March 23rd, 2015

Blue Bike Lane Divider Seattle Bike Lane Divider / Image from SDOT

If you haven’t heard the news, we’re opening our first PUBLIC store outside the Bay Area next month in Seattle’s Capitol Hill neighborhood. We couldn’t be more excited about joining forces with our sister city to the north to advance our shared mission to grow cities that are more bike, pedestrian, and transit friendly. There‚Äôs a lot happening in Seattle to be excited about. Take its creative bright blue bike lane separators, as one clever example.

It is home to the most influential walking and biking advocacy organizations in the country. The Cascade Bicycle Club is leading the way, along with allied organizations like Seattle Neighborhood Greenways and local blogs like Seattle Bike Blog, to push for changes to Seattle’s public spaces. The city is investing heavily in bike infrastructure, with new protected bike lanes and a new bike sharing system just rolling out.

Two Way Bike Lanes Davey Oil, pictured with his kids, is owner of G&O Family Cyclery in Greenwood. Behind them is Madi Carlson, author of FamilyRide.us, with her kids.

The new safe bike lanes on 2nd Ave have tripled bike traffic already. It’s also one of the safest cities in the US for pedestrians and cyclists. The Seattle area has long been one of our top markets for online orders, and our friends at Ride Bicycles in NE Roosevelt, Seattle have been among our top independent PUBLIC dealers for years. We look forward to joining forces with them across town!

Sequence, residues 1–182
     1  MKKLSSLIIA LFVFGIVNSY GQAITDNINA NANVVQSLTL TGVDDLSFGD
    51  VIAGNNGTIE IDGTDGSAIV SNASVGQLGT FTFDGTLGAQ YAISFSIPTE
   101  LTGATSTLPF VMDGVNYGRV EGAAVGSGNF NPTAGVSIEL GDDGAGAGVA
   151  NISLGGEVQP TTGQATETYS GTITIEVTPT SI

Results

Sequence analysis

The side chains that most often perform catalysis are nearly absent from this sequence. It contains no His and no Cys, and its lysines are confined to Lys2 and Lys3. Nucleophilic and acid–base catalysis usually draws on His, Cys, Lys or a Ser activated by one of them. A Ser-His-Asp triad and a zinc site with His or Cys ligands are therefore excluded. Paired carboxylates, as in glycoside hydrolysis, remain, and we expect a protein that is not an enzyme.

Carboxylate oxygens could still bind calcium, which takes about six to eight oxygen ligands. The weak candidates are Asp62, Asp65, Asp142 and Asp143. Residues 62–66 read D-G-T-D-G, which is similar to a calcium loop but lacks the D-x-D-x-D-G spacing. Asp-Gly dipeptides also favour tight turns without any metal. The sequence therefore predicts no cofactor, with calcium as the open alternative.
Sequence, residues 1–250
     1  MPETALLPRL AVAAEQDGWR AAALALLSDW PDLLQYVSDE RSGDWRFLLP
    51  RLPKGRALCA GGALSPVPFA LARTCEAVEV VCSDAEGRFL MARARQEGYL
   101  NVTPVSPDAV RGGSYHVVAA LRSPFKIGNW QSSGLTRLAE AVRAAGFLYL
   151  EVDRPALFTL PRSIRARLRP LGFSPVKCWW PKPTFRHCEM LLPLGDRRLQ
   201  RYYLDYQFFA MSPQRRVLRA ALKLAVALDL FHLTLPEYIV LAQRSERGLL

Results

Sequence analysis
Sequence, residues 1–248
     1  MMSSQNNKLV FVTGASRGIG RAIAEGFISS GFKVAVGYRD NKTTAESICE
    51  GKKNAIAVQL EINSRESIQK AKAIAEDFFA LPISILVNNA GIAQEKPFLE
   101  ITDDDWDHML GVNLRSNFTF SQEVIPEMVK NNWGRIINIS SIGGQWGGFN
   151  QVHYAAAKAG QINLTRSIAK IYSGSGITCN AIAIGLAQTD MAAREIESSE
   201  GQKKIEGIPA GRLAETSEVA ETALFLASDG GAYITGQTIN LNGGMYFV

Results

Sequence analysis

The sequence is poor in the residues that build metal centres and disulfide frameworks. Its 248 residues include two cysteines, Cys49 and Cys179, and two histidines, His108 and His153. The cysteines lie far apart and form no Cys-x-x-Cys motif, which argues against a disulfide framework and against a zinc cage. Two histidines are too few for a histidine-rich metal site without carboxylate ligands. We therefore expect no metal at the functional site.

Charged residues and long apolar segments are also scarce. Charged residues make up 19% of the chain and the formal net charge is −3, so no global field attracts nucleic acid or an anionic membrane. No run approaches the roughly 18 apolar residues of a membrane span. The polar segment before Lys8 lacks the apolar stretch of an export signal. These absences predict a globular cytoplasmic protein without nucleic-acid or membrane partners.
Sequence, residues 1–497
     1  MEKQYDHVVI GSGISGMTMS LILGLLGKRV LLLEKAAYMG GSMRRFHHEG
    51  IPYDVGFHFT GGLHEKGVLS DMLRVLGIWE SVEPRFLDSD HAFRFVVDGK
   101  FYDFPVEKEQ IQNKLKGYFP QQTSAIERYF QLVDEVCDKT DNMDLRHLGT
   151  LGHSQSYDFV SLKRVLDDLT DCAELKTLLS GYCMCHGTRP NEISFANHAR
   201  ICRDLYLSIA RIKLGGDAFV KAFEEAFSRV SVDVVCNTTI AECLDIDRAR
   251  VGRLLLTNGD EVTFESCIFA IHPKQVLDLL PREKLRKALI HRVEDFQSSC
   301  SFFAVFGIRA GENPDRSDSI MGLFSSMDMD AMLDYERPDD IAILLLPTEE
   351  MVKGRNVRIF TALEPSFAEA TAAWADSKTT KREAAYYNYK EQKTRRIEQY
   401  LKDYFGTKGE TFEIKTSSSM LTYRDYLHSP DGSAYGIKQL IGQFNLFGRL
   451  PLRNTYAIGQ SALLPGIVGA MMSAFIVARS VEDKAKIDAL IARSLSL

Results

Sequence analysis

But the simplest explanation we can find for why Seattle is quickly becoming one of America’s great livable cities is summed up in this chart:

Communities Graph Institute for Quality Communities Graph, University of Oklahoma

Despite all the hills, and the rain, and the sprawl, more people in Seattle get to work without a car than any other city on the west coast, besides our own. That’s not just because people in Seattle are a special breed, but because city leaders and effective advocacy groups are bringing smarter design to their city, making it a friendlier place for humans to get around, not just cars. At PUBLIC, this livable cities movement is one we’re proud to be a part of, and we can’t wait to help Seattle give San Francisco a run for its money.

But the real question is: when the 49ers play the Seahawks next season, what colors will we wear? Stay tuned!